The most annoying spam emails are those without descriptive subject lines, so that they need to be opened to see if the contents are of interest. At least the above spam email advertisement of herbal penis-enlargement pills had a descriptive subject line: "How would you like to be hung like a Rhino?"
A law called the CAN-SPAM Act of 2003 has some restrictions on commercial and pornographic spam emails. If your emails are noncommercial and nonpornographic, there are apparently no restrictions on "spamming." Anyway, my emails to the EFF were not "spam" -- they were on subjects of direct concern to the EFF.
Here are some ideas:
(1) If one is on a list to receive emails that are on a subject of direct interest or concern to one's occupation or organization, requesting removal from the list should be considered to be rude. If you were on such a snail-mail list, would you bother asking a sender to be removed from the list? Not likely. Handgun Control Inc. once sent me five identical snail-mail letters -- with envelopes that said, "At last! Your first real chance to tell the NRA to go to hell!" -- in the space of about a month, and I never bothered to ask them to stop.
(2) As a courtesy, the subject line of your email should be as descriptive as possible. That will often save the recipient the trouble of opening the email to see if the subject is of interest.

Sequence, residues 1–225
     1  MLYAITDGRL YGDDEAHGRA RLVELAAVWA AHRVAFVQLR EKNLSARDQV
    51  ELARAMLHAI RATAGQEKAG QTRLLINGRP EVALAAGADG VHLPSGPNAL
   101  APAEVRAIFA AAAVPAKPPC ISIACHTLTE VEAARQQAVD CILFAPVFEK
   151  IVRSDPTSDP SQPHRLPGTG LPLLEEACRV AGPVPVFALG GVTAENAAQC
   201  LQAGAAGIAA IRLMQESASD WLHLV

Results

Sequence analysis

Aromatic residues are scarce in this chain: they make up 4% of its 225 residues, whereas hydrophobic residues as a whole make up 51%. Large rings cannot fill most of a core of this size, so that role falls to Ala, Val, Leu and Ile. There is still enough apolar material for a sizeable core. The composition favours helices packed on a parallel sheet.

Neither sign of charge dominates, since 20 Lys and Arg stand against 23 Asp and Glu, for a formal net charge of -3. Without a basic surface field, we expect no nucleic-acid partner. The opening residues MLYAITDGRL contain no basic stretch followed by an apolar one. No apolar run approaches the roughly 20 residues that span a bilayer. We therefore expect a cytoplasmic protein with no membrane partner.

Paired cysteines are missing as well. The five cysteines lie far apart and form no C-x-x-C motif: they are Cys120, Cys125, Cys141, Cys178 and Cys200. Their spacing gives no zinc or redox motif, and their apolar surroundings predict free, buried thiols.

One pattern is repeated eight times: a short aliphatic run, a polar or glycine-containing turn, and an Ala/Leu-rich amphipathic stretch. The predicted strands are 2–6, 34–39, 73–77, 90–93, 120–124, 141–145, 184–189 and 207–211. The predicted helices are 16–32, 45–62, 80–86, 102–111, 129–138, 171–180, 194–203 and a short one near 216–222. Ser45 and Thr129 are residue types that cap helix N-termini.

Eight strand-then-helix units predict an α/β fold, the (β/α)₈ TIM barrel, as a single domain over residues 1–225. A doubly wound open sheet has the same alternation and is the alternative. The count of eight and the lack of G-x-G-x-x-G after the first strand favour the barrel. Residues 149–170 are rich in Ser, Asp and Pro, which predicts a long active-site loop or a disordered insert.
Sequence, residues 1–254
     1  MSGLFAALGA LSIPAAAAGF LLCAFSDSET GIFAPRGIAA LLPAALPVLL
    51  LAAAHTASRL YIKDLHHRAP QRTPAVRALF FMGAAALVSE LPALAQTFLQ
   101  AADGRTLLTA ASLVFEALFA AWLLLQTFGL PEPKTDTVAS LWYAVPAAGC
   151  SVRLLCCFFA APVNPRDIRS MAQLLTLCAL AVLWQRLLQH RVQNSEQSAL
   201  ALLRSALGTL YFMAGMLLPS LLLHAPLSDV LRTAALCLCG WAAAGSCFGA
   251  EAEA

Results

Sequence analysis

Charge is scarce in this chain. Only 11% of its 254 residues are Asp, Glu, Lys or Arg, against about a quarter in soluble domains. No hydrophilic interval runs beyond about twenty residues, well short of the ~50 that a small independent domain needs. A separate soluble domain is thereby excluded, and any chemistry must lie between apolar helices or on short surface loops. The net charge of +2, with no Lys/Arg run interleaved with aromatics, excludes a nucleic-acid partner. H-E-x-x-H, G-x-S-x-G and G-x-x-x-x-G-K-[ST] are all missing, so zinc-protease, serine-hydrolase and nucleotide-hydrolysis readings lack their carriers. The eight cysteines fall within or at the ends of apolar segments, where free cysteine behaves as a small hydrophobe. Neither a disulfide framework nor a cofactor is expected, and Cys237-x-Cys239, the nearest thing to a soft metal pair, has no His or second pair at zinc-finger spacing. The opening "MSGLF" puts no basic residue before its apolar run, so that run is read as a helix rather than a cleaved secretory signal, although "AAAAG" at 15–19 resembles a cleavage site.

(3) Use the same email address in sending emails to the list. Then the recipient can ignore the email if it is from an undesired sender. As for myself, if an email is on a subject of interest to me, I will not cut off my nose to spite my face by ignoring it just because I dislike the sender.
(4) It is a bad idea to threaten senders that you are going to ignore or filter out their emails. If the threat makes them mad enough, they may try to confuse you or bypass your spam filter by using different email addresses under the same ISP, using an email forwarding service, or using non-descriptive subject lines.
I previously reported that on the subject of blogs, the Electronic Fraud Foundation is concerned only with the rights of BVD-clad bloggers and is not at all concerned with the rights of blog commenters. The EFF wants BVD-clad bloggers to have special privileges without any responsibilities. Old organizations like the EFF tend to become big, fat, and smug. Well, borrowing the words of Handgun Control, Inc., here at last is your first real chance to tell the EFF to go to hell! Below are the EFF's email addresses:
email@example.com, firstname.lastname@example.org, email@example.com, firstname.lastname@example.org, email@example.com, firstname.lastname@example.org, email@example.com, firstname.lastname@example.org, email@example.com, firstname.lastname@example.org, email@example.com, firstname.lastname@example.org, email@example.com, firstname.lastname@example.org, email@example.com, firstname.lastname@example.org, email@example.com, firstname.lastname@example.org, email@example.com, firstname.lastname@example.org, email@example.com, firstname.lastname@example.org, email@example.com, firstname.lastname@example.org, email@example.com, firstname.lastname@example.org, email@example.com, firstname.lastname@example.org, email@example.com, firstname.lastname@example.org, email@example.com, firstname.lastname@example.org, email@example.com, firstname.lastname@example.org, email@example.com, firstname.lastname@example.org
Labels: Internet censorship (new #1)